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July 21, 2016
Susan P. Baker on using her law experience for the suspense novel UNAWARE
May 31, 2017

I’ve been out of touch lately. First, I went on a trip to New York City with my daughter who was turning forty and wanted to celebrate her birthday there. The following week, I spent Thanksgiving holidays in Galveston with family. The week after that, we took a weeklong cruise out of Galveston. We spent the month of December catching up and celebrating the holidays here in San Miguel de Allende, hence the previous post, and then on New Year’s Eve, my younger brother died. We immediately drove back to Galveston and returned here about 10 days later. I acknowledge that I am in mourning and will be for a long time. My brother was dear to me.I’m not feeling very creative these days so I hunted around for some old writings of mine to share on this blog until I can get my creative side reactivated. Below is a short piece I wrote ten years ago, in May 2016.

Loving San Miguel

“Why does everyone wait until the day before they leave San Miguel to decide to buy something?” the realtor asked.

For me, it was not love at first sight. The first stay in San Miguel was up on Atascadero. I had read Tony Cohan’s book, but didn’t realize that the caretakers wouldn’t even light the water heater for us. For three days, we thought we couldn’t get hot water.

Additionally, the house across the road from us was in the process of being demolished—blow by blow for most of the month we were there. The one to our left was being remodeled—blow by blow. The workers started around seven each morning and generally worked nonstop. A layer of white dust blew in our windows and covered the tabletops and sofas. I had trouble breathing on the days when it didn’t rain at all. I learned to take my nap when they took their siesta. I was convinced the apartment owner was involved in a conspiracy with the workers to make our lives miserable.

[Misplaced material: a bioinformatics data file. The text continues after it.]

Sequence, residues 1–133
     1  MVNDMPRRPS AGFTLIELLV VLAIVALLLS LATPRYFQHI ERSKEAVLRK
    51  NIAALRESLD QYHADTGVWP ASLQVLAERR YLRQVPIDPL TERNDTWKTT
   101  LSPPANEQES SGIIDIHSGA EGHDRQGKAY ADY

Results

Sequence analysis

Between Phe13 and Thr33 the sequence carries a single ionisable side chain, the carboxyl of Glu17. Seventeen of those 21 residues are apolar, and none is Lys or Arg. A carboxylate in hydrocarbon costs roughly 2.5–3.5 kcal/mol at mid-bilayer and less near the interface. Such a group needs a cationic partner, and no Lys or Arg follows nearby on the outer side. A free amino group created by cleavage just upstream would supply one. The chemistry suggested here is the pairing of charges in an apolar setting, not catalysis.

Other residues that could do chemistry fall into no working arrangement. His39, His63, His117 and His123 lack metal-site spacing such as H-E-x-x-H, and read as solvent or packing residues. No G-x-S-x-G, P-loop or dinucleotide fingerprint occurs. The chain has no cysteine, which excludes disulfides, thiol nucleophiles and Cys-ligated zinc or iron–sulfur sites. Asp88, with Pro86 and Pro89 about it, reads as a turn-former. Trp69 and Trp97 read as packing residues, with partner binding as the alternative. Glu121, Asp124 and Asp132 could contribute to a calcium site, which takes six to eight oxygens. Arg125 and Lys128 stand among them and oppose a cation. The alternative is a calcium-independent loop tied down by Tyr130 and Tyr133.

My husband had to fly to Boston during our month so two girlfriends came to visit for a few days. When they got ready to leave, I said, “Take me with you.” But of course, I was stuck. We had paid for a month in advance as well as having nonrefundable, unchangeable airline tickets.

We took the ETA to Chapala to visit a friend overnight. I got Montezuma’s Revenge and spent the day on the sofa while my husband and my friend went out and about.

After our return to San Miguel, we hired a guide to take us on a tour of Quertero and Pozos. But again I was ill and miserable.

Near the end of our stay, the workers miraculously quit working regularly. Ah, the peace and quiet. The serenity. The view from the hill improved dramatically.

For some strange reason, we started looking at real estate ads in the Attencion. We attended a free seminar that answered questions about San Miguel. We looked at several possibilities with one realtor, but when nothing presented itself, he said go to another, so we did. And on our last day there, we found two places we really liked. The first one was out of our price range. The second was a condominium in the process of being built. We immediately snapped it up.

Over the course of the next three months, after we were tempted to go to the hospital and have our heads examined, we completed the purchase of our little place. We spent the Christmas holidays furnishing our place, my husband hanging pictures, me making draperies.

What is it about San Miguel that is so alluring? It’s a mystery to me. When I’m at home here in Texas, I don’t think of it that often, but when I’m in San Miguel, I never want to leave. I can’t explain it, but I love it. We’ll be there again for a month this summer. I hope I still feel the same.*

*Note–this was written in May of 2006. We now live full-time in San Miguel.

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